ungoogled-chromium is Google Chromium, sans dependency on Google web services. It also features some tweaks to enhance privacy, control, and transparency (almost all of which require manual activation or enabling). ungoogled-chromium retains the default Chromium experience as closely as possible. Unlike other Chromium forks that have their own visions of a web browser, ungoogled-chromium is essentially a drop-in replacement for Chromium. In light of the previous post, if you really do need to use Chromium for whatever reason, forego Microsoft ‘coupon clipper‘ Edge, the closed-source Vivaldi, or the cryptoscammy Brave – and opt for ungoogled-chromium instead.
Supposedly today we have a lot of browsers to choose from – Google Chrome, Safari, Microsoft Edge, Firefox, Brave, Opera, Vivaldi, etc. Having choices is a good thing, right? Nobody wants to relive the time of almost complete Internet Explorer domination again. Unfortunately our choices are significantly fewer than they seem to be at first glance, as Chrome and Safari (thanks to the iPhone) totally dominate the browser landscape in terms of usage and almost all browsers these days are built on top of Chromium, Chrome’s open-source version. Funny enough even Edge is built on top of Chromium today, despite the bitter rivalry between Google and Microsoft. What’s also funny is that Chrome and Safari control about 85% of the browser market share today, and Microsoft’s Edge commands only about 4%. Firefox all the way for me. We need more than one browser engine to succeed, and Firefox is the only viable alternative to Chrome’s dominance. Safari is tied to Apple so far too limiting, but at least it’s not Chromium-based, so that’s a plus. I’ve been starting to see websites that simply do not work in Firefox, which has me deeply worried about just how long I can keep up using my browser of choice.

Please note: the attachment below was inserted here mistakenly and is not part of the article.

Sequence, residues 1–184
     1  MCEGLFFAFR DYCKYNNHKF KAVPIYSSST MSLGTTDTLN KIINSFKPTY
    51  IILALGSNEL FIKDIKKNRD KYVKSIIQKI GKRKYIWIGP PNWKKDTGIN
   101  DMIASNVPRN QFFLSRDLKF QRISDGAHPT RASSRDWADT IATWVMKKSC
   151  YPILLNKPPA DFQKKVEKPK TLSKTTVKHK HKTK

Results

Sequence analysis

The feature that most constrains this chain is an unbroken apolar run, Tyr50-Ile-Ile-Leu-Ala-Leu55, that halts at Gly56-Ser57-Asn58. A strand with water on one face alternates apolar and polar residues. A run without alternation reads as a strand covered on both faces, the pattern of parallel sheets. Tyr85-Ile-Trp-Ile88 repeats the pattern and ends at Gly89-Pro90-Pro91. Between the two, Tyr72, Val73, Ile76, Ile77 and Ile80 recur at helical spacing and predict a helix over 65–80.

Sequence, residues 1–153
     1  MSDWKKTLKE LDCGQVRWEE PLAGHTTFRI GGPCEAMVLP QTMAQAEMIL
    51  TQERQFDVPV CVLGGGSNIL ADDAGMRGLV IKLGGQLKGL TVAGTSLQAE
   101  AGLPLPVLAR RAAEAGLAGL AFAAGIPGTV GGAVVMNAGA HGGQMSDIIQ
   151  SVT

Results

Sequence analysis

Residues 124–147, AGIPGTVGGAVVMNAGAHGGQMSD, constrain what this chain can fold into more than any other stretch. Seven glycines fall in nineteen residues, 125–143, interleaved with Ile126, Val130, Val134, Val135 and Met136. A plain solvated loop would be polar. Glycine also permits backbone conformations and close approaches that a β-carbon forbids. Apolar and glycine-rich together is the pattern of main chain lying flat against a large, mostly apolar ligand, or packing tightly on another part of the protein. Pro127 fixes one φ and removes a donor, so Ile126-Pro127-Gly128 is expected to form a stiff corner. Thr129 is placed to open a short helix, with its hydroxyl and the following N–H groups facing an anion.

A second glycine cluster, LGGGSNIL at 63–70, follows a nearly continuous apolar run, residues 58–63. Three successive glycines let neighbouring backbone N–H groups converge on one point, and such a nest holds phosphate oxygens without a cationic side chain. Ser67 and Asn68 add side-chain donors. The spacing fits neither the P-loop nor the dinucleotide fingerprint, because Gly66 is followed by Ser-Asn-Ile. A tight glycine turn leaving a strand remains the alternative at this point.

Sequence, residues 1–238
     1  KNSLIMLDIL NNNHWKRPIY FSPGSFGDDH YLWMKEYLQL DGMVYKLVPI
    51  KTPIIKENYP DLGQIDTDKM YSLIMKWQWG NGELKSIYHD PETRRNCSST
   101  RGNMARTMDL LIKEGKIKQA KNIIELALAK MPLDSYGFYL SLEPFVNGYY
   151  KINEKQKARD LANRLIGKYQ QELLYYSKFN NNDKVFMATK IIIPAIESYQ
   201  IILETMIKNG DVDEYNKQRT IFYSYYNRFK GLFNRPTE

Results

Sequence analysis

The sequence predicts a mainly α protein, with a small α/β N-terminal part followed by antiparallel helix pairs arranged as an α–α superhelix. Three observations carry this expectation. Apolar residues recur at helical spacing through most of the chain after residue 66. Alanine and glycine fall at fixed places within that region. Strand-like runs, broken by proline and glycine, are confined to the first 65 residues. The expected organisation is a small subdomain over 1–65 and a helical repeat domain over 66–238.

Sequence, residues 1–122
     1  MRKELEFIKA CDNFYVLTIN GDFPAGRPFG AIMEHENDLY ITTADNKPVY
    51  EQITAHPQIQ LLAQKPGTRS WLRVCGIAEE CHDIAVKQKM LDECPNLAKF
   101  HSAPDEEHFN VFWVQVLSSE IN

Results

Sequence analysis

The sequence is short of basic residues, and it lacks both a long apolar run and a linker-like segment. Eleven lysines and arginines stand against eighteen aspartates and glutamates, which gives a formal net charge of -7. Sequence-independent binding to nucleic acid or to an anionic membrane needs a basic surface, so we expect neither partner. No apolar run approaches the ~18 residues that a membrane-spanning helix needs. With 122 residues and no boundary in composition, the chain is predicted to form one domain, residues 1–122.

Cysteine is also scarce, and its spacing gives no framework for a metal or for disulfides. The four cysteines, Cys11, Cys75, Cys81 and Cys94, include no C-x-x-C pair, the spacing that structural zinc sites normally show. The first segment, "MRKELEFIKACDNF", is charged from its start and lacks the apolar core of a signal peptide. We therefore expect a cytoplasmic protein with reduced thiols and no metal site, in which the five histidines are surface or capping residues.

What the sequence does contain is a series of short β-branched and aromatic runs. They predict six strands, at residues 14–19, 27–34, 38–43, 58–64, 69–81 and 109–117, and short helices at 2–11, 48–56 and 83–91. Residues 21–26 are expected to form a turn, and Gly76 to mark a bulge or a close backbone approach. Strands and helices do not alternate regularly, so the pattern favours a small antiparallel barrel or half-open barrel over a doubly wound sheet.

Running Windows 3.1 in VMware (or seemingly, QEMU, but it’s not yet tested), but annoyed by having to grab and ungrab the cursor manually? Wish you could just move the cursor in and out like a modern OS (one with USB tablet support or VMware Tools drivers), with no Ctrl+Alt dancing? Or want to control your cursor at all under the ESXi web UI? (It doesn’t do relative input.) With this driver, now you can. It implements the interface that VMware uses (the backdoor), replacing the existing PS/2 mouse driver. Vital for anyone who runs Windows 3.x virtual machines.
When I talk about things involving the history of Unix, I often wind up mentioning V7, also known as Seventh Edition of Research Unix from Bell Labs (for a recent example, in my entry on when Unix got stack size limits). If you’re relatively new to the history of Unix, you might wonder why V7 keeps coming up so often. There are a number of reasons that V7 matters so much both for the history of Unix and for what is what we think of as being ‘Unix’ and the Unix way. The history of Unix is… Complicated.